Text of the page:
This fall, a team of researchers will explore the deep sea, one of the largest, but least known environments on Earth. Recent advances in deep-ocean exploration have revealed spectacular coral gardens in the dark ocean depths, far from the sunny, shallow reefs most of us associate with corals. Similar explorations have revealed new and familiar species thriving where we once expected little activity.
During this expedition, researchers will be surveying deep-sea coral and sponge environments off the U.S. West Coast. This cruise is part of a four-year West Coast Deep Sea Coral Initiative, supported by the Deep Sea Coral Research and Technology Program, to better understand the basic biology, abundance, and diversity of deep-sea coral throughout the California Current Large Marine Ecosystem as well as their ecological role with invertebrates and fish.
From October 7 to November 7, 2019, scientists and engineers from NOAA, the Global Foundation for Ocean Exploration, the U.S. Geological Survey (USGS), and Bureau of Ocean Energy Management (BOEM) will conduct a 29-day expedition aboard NOAA Ship Reuben Lasker along the California, Oregon, and Washington coasts, including sites within four National Marine Sanctuaries.
The expedition will be divided into two legs. The first leg will depart Newport, Oregon. Over the following month, the ship will travel down the coast, eventually docking in San Francisco in mid-October. While in San Francisco, the crew will host a public engagement with the Exploratorium Museum. The second leg will continue down the coast until they conclude the expedition in San Diego in early November.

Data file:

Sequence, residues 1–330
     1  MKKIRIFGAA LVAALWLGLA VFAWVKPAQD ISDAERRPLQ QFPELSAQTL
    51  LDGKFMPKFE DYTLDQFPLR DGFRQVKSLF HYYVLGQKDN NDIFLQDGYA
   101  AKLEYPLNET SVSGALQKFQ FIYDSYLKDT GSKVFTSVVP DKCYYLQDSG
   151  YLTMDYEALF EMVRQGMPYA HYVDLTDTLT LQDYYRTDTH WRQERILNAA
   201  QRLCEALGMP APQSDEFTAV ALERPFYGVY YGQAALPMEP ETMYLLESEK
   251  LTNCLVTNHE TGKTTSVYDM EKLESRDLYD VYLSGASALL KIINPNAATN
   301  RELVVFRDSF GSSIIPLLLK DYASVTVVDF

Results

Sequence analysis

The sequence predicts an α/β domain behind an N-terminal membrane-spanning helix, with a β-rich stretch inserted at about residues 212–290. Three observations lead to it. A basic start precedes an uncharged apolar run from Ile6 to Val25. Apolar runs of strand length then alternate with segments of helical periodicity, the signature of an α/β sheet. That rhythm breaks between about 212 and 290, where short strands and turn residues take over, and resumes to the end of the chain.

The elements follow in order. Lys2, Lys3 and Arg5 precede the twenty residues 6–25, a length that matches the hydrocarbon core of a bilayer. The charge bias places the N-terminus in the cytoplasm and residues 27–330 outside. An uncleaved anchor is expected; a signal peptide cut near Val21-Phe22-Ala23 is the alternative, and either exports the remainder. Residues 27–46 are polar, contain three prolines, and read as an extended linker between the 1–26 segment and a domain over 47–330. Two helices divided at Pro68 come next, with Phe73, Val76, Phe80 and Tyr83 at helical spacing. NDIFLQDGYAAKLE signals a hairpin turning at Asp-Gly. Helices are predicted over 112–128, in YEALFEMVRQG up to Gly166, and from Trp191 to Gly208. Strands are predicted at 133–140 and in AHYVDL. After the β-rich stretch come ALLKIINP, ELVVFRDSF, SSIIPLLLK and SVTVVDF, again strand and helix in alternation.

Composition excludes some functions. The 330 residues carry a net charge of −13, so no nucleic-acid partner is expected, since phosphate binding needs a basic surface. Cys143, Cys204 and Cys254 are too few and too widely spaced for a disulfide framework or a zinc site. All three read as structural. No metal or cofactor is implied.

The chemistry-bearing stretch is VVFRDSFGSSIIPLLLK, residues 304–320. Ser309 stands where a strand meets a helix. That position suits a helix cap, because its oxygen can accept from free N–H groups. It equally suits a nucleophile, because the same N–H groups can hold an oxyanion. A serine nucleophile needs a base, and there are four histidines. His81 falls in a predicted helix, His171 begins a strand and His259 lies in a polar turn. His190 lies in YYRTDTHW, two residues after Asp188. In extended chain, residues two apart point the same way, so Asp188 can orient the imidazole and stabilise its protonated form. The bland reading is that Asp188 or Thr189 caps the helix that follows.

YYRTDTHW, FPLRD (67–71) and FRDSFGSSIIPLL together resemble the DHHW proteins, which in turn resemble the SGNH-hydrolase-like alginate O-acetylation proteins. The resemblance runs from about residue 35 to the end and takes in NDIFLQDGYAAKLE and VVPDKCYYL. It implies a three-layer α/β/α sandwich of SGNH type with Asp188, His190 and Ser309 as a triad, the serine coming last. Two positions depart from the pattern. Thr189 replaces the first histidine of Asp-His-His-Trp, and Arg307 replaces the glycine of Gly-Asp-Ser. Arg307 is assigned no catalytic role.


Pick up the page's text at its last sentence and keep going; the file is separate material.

The researchers will collect samples to help identify West Coast corals and sponges and revisit previously surveyed sites to document changes that have occurred over time. One goal for the researchers will be to collect essential fish habitat baseline information at 12 sites along the West Coast. The Pacific Fishery Management Council proposed modifications to these habitats to better support commercially important groundfish.
Another important goal of characterizing this undersea habitat is to inform possible locations offshore northern and central California for wind energy development. Characterization will identify sensitive habitats to avoid when establishing future offshore wind energy sites.
Researchers will use a wide array of advanced technology to explore and characterize deep-sea habitats, including:
Expedition operations will run around the clock, with alternating ROV and AUV dives. The on-ship researchers will receive scientific support from a remote, distributed team of experts located back on land and connected to the ship by a high-speed communications link.
The same telepresence technology that allows us to connect with experts throughout the world will also enable the public to follow our discoveries and interact with our scientists. Using reliable technology provided by the Global Foundation for Ocean Exploration, you can follow the live stream from the ROV and ask our scientists questions. While we can never anticipate weather and technical difficulties, typically our ROV operations will take place during the evening and overnight hours. Highlights from the previous evening’s dive will be played the following day.
The Expanding Pacific Research and Exploration of Submerged Systems, or EXPRESS, initiative is a multi-year, multi-agency project to survey and map undersea habitat throughout the California Current Large Marine Ecosystem. This fall’s EXPRESS expedition represents an unprecedented level of government cooperation. Eight different NOAA offices along with USGS and BOEM contributed financial or scientific expertise to this expedition.